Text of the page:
While it is unequivocal that the climate is warming, the climate system is complex and there are scientific uncertainties about how much the climate will change in the future. There is uncertainty about future emissions and levels of greenhouse gas concentrations, which will be determined by policies, population and technology changes. There is also uncertainty in the precise temperature response to future greenhouse gas concentrations. Climate models project future temperature changes that could be experienced under different greenhouse gas concentration scenarios, but can only estimate temperature increases within a probability range. The probability of limiting warming to 2 degrees under different levels of greenhouse gas emissions is discussed in detail in Chapter 3.
There is also some uncertainty about how land and ocean carbon sinks will operate in a warmer climate. To date, about 55 per cent of carbon dioxide emissions from fossil fuel combustion has been absorbed by the land and ocean combined, with the rest remaining in the atmosphere. However, the ocean has become less effective at absorbing carbon dioxide over the past 50 years, and the ability of trees to increase their uptake of carbon dioxide is projected to peak and decline by the middle of this century (Canadell et al. 2007; IPCC 2007b, p. 213). These changes would result in more carbon dioxide remaining in the atmosphere where the greenhouse effect takes place, so warming could be amplified in future.
While these uncertainties are real, the scientific understanding of climate change impacts has increased substantially since 1990, when the first comprehensive assessment of the state of climate change science was published by the Intergovernmental Panel on Climate Change (IPCC) (see Box 2.1 for an explanation of the IPCC’s reports). Since then, there have been large increases in the number of climate observations and studies, substantial development in the scientific understanding of the climate system and increased sophistication of climate models. These advances have resulted in greater confidence in the connection between human activities and climate change, as well as in predicting future climate impacts (Figure 2.2).
Figure 2.2: Advances in scientific understanding of climate change
The improvement in scientific understanding over time also points to earlier underestimates of climate change impacts. Lower levels of warming are now considered to have worse impacts than earlier assessments and are expected to affect more people. There is a greater risk that lower levels of warming could trigger ‘tipping points’ that result in permanent, highly disruptive changes in the climate system, compared with earlier projections (Smith et al. 2009).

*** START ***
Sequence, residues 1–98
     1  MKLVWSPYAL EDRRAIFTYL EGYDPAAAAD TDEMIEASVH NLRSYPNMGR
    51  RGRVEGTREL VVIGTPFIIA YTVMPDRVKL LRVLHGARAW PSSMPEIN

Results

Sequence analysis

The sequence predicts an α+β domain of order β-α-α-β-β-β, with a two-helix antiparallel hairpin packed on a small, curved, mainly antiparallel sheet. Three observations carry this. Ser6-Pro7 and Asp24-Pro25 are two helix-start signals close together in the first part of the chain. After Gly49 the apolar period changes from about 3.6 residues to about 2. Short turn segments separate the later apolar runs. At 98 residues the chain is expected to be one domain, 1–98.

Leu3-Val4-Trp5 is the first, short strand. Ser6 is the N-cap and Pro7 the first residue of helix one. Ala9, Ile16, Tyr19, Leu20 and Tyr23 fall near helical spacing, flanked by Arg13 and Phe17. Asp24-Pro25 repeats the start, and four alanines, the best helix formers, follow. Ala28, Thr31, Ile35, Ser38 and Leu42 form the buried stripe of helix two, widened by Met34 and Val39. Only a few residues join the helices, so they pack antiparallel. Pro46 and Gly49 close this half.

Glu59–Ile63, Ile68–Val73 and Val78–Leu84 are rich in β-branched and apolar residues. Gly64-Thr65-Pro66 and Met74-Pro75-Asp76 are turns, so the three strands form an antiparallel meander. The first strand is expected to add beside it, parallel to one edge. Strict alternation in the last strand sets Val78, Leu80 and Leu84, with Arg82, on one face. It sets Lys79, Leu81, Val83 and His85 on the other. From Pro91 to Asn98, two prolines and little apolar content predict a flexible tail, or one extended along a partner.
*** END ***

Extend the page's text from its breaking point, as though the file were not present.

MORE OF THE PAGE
Box 2.1: Background to the IPCC and its Fifth Assessment Report
The IPCC is the leading international scientific body for the assessment of climate change and operates under the auspices of the United Nations. Its role is to review, assess and synthesise the latest information on climate change, based on the most recent peer-reviewed scientific, technical and socioeconomic literature worldwide. The IPCC produces periodic Assessment Reports that provide comprehensive assessments of the latest science on climate change, vulnerability, impacts and adaptation. The summaries for these reports (called Summaries for Policy Makers) are approved, line-by-line, by the governments of the IPCC’s member countries.
The IPCC’s reports demonstrate the continually mounting evidence for climate change and its causes. The Working Group I report (on the physical science basis of climate change) for the Fifth Assessment Report was published in September 2013, citing more than 9,200 scientific publications, with contributions from more than 600 authors (IPCC 2013c). The report confirms that the human influence on the climate is clear—it is between 95 and 100 per cent certain that humans have been the dominant cause of warming since the 1950s, when most of the increase in greenhouse gas emissions and temperature has been observed.
2.2 Evidence of the climate warming
The Earth has warmed in response to the rapid increase in greenhouse gas concentrations since the Industrial Revolution. Between 1880 and 2012, average global surface temperatures over land and the ocean warmed by 0.85 degrees, with each of the last three decades successively warmer than any preceding decade since 1850 (IPCC 2013a, p. 3). The average conceals substantial regional variation, with warming greatest at northern latitudes—the Arctic has warmed at twice the global average rate over the past century and the three decades to 2012 were likely the warmest 30-year period in the Northern Hemisphere for the last 1,400 years (IPCC 2007b, p. 30; IPCC 2013a, p. 3).